The Information Technology Division conducts audits, reviews, and evaluations of the Department of State (Department) and the Broadcasting Board of Governors (BBG) information technology (IT) management and IT security programs and initiatives. The division examines the Department’s and BBG’s efforts to protect their global IT infrastructures and reviews the effectiveness of IT security management programs at bureaus and overseas posts. The division also reviews issues related to the cost-effective acquisition, development, implementation, and management of major IT systems; telecommunications networks; and other technologies across the Department and BBG.

The division assists the Department and BBG in identifying and mitigating IT risk exposure; enhancing the efficiency of critical in-house governance, internal audit, and regulatory compliance functions; and promoting the confidentiality, integrity, and availability of information systems by requiring appropriate corrective actions to address deficient internal controls.


Security and Intelligence Division (SI)

Protecting people, facilities, and information is the one of the Department of State’s (Department) highest priorities and greatest challenges, and billions of dollars are spent each year to fund these activities. The Security and Intelligence (SI) Division conducts audits, reviews, and evaluations of Department programs, policies, procedures, and organizational elements designed to protect people, facilities, and information. SI examines the management and administration of security and intelligence programs at headquarters, overseas posts, and Broadcasting Board of Governors facilities. SI seeks to find ways to help security professionals become more efficient and effective in their work at a time when staffing shortages, increased security requirements, and the demands of high-threat posts have increased the workload of Department security personnel.

Middle East Region Operations Directorate (MERO)

The Middle East Region Operations (MERO) Directorate plans, coordinates, and oversees high-cost, high-risk Department of State (Department) programs in crisis and post-conflict areas in the Middle East, North Africa, as well as South and Central Asia. MERO conducts audits and evaluations of Department programs, contracts, grants, contractor performance, and procurement related activities. Specifically, MERO audits and evaluates embassy operations and personnel security, as well as the effectiveness of the Department’s foreign assistance programs related to refugees, anti-corruption, police training, and rule of law, among others.

Support Divisions

Audit Compliance Followup (ACF) Division

Audit followup is an integral part of good management and is a share of responsibility of agency management officials and OIG. Corrective action taken by management to resolve findings and recommendations is essential to improving the effectiveness and efficiency of agency operations. The Audit Compliance Followup (ACF) Division tracks the status of recommendations from audit reports for the Department of State and the Broadcasting Board of Governors, verifies that corrective actions have been taken to implement agreed-upon findings and recommendation in reports, assist in obtaining agreement (resolution) for audit recommendations not previously agreed to by the management, and coordinates followup reviews and evaluations as needed. ACF is also responsible for periodic reporting of corrective actions. These reports are included in the Office of Inspector General’s Semiannual Report, testimonies to Congress, and other communications.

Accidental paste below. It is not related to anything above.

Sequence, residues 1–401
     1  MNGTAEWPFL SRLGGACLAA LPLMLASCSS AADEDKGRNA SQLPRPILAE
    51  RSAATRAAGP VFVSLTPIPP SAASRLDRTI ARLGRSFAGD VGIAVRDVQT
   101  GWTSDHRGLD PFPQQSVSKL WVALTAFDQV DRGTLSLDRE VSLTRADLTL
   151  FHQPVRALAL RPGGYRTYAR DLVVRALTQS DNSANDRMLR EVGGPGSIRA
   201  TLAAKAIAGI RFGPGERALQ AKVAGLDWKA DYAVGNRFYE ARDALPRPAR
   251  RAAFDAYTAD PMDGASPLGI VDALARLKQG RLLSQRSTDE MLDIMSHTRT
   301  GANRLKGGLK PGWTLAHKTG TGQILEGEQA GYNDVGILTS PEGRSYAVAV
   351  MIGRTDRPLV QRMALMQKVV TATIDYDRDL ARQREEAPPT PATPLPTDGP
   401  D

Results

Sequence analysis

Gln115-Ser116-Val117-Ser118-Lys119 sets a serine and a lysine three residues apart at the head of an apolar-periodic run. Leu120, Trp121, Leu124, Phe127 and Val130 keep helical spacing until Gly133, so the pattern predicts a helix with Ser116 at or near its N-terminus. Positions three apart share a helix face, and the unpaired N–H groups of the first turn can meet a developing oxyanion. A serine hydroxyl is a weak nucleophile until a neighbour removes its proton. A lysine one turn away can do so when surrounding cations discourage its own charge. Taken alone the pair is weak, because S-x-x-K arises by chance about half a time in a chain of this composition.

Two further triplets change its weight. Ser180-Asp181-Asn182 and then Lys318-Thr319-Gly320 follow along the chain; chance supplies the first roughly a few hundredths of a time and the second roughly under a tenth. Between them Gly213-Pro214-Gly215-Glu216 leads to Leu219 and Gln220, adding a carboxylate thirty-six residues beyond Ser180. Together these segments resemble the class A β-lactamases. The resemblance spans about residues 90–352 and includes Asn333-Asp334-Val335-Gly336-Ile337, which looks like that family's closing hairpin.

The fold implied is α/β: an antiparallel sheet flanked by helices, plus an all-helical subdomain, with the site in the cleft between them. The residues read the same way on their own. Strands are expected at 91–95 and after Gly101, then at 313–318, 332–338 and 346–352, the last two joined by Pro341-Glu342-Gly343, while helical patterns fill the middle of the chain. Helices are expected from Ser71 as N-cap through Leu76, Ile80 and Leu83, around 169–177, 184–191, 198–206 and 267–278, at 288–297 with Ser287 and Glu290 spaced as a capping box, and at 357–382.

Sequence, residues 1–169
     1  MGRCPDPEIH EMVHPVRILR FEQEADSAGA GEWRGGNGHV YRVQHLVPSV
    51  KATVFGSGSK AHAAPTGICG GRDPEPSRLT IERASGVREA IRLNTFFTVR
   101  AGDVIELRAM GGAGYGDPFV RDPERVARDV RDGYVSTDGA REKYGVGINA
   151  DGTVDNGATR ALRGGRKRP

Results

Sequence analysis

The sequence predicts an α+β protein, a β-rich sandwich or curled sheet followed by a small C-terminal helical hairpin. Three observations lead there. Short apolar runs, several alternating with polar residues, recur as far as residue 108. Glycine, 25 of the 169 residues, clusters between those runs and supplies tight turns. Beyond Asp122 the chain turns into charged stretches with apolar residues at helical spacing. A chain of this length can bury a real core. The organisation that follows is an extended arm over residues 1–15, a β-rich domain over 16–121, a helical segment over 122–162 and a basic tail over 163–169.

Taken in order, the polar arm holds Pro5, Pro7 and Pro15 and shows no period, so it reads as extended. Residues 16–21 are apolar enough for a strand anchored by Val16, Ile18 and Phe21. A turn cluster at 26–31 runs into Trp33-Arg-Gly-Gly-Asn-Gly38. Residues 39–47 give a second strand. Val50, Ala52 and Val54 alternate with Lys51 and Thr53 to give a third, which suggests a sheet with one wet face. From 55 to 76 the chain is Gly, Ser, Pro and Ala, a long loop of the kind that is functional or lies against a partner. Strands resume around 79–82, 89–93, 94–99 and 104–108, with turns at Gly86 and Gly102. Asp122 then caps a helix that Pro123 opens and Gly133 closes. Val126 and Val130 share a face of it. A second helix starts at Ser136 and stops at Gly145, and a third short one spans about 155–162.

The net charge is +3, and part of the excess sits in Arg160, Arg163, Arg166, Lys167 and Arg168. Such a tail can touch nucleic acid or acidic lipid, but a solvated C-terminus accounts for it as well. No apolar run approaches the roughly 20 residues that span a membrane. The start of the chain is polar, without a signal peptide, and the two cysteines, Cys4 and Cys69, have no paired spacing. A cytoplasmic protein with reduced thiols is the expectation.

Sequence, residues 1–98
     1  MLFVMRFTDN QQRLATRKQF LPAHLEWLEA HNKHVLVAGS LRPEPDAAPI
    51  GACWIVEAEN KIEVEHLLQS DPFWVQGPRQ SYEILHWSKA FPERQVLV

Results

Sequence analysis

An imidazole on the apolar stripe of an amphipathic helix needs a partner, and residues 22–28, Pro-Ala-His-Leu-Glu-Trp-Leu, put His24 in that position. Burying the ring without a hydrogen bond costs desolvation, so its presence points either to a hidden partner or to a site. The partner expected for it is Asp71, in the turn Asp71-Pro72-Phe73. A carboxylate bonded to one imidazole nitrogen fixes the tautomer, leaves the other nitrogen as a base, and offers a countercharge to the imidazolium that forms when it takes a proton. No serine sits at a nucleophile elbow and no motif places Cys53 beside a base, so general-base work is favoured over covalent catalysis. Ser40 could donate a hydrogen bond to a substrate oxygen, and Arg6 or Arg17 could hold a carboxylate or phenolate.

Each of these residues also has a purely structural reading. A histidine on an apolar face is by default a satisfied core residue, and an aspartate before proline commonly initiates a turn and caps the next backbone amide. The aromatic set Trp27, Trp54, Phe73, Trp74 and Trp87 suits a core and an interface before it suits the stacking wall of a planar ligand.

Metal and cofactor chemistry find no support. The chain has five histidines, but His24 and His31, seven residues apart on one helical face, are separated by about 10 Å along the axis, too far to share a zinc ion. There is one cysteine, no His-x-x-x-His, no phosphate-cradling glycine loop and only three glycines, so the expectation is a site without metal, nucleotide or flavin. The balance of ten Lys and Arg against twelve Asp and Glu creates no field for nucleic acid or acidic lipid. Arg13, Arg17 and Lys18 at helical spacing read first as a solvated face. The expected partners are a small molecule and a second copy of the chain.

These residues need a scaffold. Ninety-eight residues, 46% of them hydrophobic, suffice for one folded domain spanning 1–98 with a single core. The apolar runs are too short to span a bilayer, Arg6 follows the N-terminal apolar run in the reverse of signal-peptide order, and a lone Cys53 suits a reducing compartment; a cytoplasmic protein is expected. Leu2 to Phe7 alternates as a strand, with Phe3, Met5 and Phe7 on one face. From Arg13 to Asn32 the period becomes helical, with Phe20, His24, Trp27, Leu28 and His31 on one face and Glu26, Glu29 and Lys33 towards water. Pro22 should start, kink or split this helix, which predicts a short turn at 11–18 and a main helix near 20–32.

Audit Operations Division (AO)

The Audit Operations (AO) Division’s responsibilities include conducting quality control reviews of audits, performing workforce planning and analysis for the Office of Audits, developing and managing budget information in coordination with the Office of Inspector General’s budget office, recruiting and hiring qualified auditors and analysts, and managing the continuing professional education requirements for auditors and analysts. AO also provides statistical sampling and technical methodology support, editing services for all published and official documents, and a full range of administrative support to both Office of Audits directorates. AO serves as the primary liaison with other OIG offices and outside entities.

Audit Process

Audits and program evaluations determine the degree to which an organization, program, or function is effectively managed, as well as the extent to which program results are achieved. The definition for effectiveness is derived from the agency objectives, operating within the relevant laws and directives pertaining to the organization or program. The overall objective of an audit is to identify challenges impeding progress and offer solutions that address the root cause of those challenges, as well as to identify and report best management practices that can be replicated to promote operational efficiency and the effective management of all Department of State and the Broadcasting Board of Governors programs. The audit process includes:

  • Audit notification. The Office of Audits notifies the agency in writing that an audit is scheduled to start.
  • Entrance conference. After written notification, a meeting is held to inform the agency of the purpose, objectives, and scope of the audit and the methodology to be followed.
  • Audit fieldwork. A detailed evaluation of the program, activity, or function is conducted in accordance with Government Accountability Office standards.
  • Exit conference. At the conclusion of an audit, a formal conference is held with the principal post and bureau officials to present the audit results. This provides an opportunity for the audit team and the auditee to discuss the audit findings and the recommendations offered to address the root cause of the challenges identified.

During the audit, the auditee is kept apprised of audit activities. The Inspector General is given a detailed briefing before the audit begins and at the conclusion of audit fieldwork. Following the exit conference, the audit team prepares a draft report, which is vetted for comment and clearance within OIG. The auditee then typically has up to 15 calendar days to provide comments on the draft report and to specify whether it agrees with the report’s recommendations and with the amount of any potential monetary benefits or recoveries. Those comments are incorporated into the final report. The auditee has 30 days from issuance of the final report to provide information on actions planned and taken to implement the recommendations.